The use of informal diction in Ernest Hemingway’s novel A Farewell to Arms has been widely discussed by literary critics and readers alike. The novel is set during World War I, and the use of informal words and phrases adds a layer of realism to the narrative. Through the use of informal diction, Hemingway conveys the mundane as well as the extraordinary moments of the war-torn backdrop.
The characters in the novel are mainly ordinary people who are caught up in extraordinary circumstances. The informal diction used by Hemingway to describe their speech reflects the simplicity and directness of their utterances. Through this, Hemingway manages to depict the everyday reality of the war and its effects on people’s lives.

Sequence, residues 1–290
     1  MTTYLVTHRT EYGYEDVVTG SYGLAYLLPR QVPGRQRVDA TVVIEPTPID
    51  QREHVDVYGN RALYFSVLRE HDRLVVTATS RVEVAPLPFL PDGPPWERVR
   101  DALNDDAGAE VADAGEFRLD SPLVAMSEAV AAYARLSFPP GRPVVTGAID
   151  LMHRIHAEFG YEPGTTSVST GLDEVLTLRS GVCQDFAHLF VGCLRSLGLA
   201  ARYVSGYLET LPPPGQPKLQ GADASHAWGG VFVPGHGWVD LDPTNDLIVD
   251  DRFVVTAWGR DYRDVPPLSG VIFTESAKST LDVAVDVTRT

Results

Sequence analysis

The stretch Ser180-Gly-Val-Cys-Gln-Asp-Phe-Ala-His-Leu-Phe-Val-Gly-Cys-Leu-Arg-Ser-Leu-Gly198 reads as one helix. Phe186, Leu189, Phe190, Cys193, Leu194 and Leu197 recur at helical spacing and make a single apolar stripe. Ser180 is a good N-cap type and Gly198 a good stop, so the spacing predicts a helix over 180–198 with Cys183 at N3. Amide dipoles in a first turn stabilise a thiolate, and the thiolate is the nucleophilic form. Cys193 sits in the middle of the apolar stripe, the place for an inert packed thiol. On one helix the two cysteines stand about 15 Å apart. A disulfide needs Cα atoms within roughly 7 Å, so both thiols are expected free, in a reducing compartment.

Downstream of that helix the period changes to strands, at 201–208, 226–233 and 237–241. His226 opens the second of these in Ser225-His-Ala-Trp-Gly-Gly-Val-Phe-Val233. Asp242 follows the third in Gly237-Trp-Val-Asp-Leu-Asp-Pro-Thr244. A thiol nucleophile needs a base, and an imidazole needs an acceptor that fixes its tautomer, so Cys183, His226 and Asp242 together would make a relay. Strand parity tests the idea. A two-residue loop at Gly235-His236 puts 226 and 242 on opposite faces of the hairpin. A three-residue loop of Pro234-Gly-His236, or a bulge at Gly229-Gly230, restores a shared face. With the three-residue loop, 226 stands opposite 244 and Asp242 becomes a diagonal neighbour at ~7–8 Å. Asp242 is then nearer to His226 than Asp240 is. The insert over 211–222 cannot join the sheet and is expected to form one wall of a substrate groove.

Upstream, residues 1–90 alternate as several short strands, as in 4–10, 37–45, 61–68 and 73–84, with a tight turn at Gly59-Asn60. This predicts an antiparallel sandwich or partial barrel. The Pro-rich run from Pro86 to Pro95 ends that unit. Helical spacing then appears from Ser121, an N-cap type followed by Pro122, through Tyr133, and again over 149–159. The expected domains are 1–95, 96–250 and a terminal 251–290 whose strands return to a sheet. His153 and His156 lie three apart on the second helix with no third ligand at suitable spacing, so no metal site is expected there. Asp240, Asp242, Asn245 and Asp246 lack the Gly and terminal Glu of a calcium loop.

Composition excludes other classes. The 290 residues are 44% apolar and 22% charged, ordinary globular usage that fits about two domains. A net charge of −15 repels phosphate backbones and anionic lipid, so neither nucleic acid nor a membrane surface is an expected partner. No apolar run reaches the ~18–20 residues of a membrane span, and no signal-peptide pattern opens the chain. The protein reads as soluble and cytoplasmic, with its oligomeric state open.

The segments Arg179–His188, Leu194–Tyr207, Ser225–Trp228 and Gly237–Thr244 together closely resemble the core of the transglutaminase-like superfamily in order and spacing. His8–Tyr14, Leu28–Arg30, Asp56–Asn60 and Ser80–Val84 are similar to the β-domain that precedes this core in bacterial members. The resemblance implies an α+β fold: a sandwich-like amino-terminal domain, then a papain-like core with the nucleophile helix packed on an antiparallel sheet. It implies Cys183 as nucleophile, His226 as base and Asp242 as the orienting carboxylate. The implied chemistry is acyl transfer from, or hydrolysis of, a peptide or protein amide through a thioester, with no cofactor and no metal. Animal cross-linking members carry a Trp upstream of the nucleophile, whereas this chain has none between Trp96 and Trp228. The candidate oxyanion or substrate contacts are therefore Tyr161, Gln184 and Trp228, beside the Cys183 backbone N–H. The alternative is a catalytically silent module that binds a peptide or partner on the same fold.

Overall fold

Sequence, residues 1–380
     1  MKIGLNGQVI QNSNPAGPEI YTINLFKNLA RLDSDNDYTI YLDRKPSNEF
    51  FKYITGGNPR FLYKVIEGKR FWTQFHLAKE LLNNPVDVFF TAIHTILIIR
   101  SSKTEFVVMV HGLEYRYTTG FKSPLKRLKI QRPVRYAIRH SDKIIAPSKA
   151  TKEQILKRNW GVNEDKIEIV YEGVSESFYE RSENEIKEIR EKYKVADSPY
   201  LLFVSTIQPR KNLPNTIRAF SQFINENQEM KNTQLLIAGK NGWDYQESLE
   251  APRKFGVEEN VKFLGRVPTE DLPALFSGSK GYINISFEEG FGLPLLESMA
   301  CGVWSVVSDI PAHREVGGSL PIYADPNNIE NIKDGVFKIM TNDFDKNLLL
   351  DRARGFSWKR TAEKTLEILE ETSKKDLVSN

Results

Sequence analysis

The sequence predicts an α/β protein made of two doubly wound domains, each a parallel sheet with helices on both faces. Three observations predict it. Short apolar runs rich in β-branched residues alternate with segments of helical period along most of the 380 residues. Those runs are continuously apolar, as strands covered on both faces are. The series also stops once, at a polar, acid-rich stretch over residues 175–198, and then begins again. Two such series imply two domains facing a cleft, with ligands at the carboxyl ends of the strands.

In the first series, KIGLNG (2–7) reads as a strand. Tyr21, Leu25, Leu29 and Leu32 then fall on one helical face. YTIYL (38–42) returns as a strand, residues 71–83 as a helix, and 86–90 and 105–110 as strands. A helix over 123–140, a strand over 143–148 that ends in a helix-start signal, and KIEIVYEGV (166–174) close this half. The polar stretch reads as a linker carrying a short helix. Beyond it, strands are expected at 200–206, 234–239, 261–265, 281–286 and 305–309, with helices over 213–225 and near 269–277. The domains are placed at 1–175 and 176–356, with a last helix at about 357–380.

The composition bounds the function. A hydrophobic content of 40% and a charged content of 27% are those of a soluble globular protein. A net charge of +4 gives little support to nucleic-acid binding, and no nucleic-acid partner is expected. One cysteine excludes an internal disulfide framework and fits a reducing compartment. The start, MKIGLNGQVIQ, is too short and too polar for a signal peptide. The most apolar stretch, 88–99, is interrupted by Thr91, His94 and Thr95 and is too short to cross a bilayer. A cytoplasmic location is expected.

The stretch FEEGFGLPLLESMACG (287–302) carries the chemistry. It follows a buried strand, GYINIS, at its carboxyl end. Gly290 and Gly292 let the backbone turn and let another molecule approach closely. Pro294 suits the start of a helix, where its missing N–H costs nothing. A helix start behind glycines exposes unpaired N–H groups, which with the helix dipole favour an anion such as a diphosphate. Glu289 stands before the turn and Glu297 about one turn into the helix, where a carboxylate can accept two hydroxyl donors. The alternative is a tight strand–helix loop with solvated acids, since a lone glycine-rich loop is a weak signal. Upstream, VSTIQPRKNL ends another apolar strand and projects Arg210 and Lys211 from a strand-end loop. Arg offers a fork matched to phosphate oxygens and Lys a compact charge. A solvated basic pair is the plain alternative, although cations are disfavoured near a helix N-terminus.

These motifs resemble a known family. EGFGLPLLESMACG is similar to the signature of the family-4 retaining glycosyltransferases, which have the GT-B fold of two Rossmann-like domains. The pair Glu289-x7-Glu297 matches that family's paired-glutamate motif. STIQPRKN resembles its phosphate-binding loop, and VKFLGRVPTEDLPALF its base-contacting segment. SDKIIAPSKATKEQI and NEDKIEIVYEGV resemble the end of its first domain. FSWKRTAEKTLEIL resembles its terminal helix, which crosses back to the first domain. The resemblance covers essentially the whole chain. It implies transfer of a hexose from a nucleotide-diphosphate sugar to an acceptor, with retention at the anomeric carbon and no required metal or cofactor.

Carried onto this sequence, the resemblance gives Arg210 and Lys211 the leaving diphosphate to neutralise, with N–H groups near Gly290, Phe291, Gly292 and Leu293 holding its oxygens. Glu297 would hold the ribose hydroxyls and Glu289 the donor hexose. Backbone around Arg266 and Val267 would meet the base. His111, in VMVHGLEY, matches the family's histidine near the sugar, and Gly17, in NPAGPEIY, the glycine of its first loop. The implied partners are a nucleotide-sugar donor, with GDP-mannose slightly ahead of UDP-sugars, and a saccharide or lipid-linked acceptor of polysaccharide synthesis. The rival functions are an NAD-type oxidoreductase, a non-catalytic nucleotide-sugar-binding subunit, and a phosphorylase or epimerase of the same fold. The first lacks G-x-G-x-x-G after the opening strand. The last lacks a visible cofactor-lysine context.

The characters in the novel mostly use simple words when speaking, conveying their direct thoughts and feelings without any embellishment. This helps to create a sense of immediacy and urgency in the novel, as the characters constantly face the possibility of death or injury. Furthermore, the informal diction also conveys the ambiguity of the characters, as they face a moral crisis due to the context of war.
Hemingway’s use of informal diction in A Farewell to Arms is effective in conveying the mundane aspects of war as well as its emotional and physical toll on the characters. The everyday language of the characters gives the novel a realistic flavor and allows the reader to sympathize with their plight. Through the use of informal diction, Hemingway conveys the human suffering caused by war, as well as the hope for a better future.